Using barley as the raw material for ethanol production results in an additional product dried grains for animal feed. But the presence of a fungal pathogen sometimes found in barley can result in a lethal toxin, called mycotoxin, in the animal feed. Now, Virginia Tech and Agricultural Research Service, USDA researchers have shown that newly developed transgenic yeast used during fermentation will help modify the mycotoxin in the animal feed product to a less toxic form. The research is published online in the September issue of Biotechnology for Biofuels.
New varieties of hulless winter barley have almost as much starch as corn and can be grown at times and in places where corn cannot, offering a flexible resource. When processed for ethanol, the versatile grain also provides a wholesome animal feed unless contaminated. Of particular concern are trichothecene mycotoxins, which inhibit protein synthesis, an essential function of all tissues. The result can be immune system suppression and reproductive problems. Animals usually refuse to eat infected grain; otherwise death would be the eventual result.
"So we decided to see if the toxin could be modified to a less toxic product during fermentation," said Piyum A. Khatibi of Long Island, .N.Y., at that time a Ph.D. student in plant pathology, physiology, and weed science in the College of Agriculture and Life Sciences at Virginia Tech.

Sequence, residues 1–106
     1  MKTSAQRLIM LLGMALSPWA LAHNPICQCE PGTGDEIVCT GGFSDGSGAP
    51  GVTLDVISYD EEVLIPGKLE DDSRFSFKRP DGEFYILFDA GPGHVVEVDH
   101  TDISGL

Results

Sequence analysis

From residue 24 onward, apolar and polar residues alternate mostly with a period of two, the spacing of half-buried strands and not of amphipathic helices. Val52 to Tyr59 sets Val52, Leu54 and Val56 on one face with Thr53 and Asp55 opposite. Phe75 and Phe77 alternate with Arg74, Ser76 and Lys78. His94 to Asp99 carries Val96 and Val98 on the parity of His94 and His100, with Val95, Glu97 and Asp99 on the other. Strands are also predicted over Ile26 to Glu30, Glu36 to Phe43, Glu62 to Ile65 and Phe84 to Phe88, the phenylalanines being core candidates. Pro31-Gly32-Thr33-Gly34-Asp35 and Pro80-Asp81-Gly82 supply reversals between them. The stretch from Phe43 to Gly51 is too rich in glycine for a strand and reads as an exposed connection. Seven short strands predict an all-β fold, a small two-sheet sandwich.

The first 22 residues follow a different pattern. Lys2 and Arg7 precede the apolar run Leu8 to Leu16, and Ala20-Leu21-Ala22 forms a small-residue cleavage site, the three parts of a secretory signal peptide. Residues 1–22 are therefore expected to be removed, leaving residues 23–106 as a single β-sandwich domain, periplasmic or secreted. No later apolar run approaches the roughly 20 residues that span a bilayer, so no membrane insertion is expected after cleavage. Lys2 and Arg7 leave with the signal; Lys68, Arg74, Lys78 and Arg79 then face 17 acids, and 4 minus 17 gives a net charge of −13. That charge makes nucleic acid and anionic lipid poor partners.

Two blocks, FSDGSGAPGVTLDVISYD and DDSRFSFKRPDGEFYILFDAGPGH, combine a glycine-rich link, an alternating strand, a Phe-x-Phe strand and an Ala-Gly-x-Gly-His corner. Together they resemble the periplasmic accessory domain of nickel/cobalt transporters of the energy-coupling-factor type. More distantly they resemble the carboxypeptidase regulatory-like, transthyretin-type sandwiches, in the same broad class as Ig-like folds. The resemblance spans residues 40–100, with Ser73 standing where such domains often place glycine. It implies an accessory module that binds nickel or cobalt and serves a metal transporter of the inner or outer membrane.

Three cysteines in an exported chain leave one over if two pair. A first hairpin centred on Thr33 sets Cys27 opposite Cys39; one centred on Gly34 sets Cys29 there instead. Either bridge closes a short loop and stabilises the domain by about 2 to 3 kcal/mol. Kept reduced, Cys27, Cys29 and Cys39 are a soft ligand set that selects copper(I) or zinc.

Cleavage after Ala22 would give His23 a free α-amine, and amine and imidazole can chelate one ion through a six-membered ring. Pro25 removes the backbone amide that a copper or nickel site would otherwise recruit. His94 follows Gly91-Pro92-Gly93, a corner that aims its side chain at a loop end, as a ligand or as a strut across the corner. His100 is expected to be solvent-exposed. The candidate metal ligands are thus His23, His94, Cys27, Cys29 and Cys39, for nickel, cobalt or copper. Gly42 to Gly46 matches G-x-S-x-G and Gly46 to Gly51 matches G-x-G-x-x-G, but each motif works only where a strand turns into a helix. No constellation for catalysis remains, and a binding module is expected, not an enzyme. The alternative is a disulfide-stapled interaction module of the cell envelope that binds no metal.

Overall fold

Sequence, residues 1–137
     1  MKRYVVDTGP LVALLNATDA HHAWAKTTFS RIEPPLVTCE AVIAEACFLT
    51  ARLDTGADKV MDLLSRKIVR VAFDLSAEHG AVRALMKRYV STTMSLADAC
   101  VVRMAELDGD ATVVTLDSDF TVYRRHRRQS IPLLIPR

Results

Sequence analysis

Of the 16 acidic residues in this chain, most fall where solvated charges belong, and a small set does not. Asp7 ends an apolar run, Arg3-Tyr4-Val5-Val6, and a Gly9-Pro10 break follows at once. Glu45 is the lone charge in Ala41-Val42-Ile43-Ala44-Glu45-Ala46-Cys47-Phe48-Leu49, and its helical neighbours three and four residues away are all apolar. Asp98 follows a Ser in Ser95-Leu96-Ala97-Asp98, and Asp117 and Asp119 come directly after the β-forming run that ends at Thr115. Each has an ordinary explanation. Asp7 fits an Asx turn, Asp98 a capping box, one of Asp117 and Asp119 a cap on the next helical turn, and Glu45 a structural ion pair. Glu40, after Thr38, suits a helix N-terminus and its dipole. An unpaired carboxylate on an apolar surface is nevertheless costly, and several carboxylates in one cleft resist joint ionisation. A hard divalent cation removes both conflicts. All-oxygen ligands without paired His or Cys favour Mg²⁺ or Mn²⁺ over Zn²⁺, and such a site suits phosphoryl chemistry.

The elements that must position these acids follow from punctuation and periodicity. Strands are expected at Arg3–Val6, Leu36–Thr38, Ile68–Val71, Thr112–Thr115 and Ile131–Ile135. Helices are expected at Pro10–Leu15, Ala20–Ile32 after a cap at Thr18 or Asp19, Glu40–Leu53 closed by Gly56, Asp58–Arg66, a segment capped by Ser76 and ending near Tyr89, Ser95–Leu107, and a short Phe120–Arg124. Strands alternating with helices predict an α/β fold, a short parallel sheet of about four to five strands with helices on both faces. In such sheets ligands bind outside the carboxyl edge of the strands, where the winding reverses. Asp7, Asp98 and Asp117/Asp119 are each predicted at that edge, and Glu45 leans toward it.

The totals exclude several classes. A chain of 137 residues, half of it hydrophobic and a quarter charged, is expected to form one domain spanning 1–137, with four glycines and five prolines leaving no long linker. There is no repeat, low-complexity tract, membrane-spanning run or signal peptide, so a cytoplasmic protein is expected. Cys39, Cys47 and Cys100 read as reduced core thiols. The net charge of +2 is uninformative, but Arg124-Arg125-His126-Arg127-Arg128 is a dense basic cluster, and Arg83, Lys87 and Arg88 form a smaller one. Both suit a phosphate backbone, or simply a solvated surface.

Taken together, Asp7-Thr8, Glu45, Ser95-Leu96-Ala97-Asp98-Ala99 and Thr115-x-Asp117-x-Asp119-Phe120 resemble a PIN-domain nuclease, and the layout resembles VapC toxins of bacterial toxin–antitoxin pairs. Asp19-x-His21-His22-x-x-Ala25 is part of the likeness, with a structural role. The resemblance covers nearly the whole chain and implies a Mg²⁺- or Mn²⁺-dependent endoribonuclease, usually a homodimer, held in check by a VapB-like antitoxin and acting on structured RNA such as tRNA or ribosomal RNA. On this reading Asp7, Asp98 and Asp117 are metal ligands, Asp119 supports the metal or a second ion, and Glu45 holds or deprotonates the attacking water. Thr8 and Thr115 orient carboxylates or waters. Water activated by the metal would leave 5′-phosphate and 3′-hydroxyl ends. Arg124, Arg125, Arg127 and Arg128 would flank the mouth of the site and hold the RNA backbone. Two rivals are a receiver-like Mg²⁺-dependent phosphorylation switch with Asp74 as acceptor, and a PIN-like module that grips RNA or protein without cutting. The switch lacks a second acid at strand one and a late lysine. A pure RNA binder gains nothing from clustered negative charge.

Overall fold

Khatibi was working on the problem of trichothecene contamination of grains with David Schmale, associate professor of food safety and plant biosecurity in the college, and plant breeder Carl Griffey, professor of crop and soil environmental science in the college. Griffey's barley team has developed resistant varieties of barley, as well as high starch varieties. The Virginia Tech barley team, made up of Wynse Brooks, research associate; Mark Vaughn, research specialist; and Greg Berger of Schulenburg, Tex., a Ph.D. student, all in crop and soi
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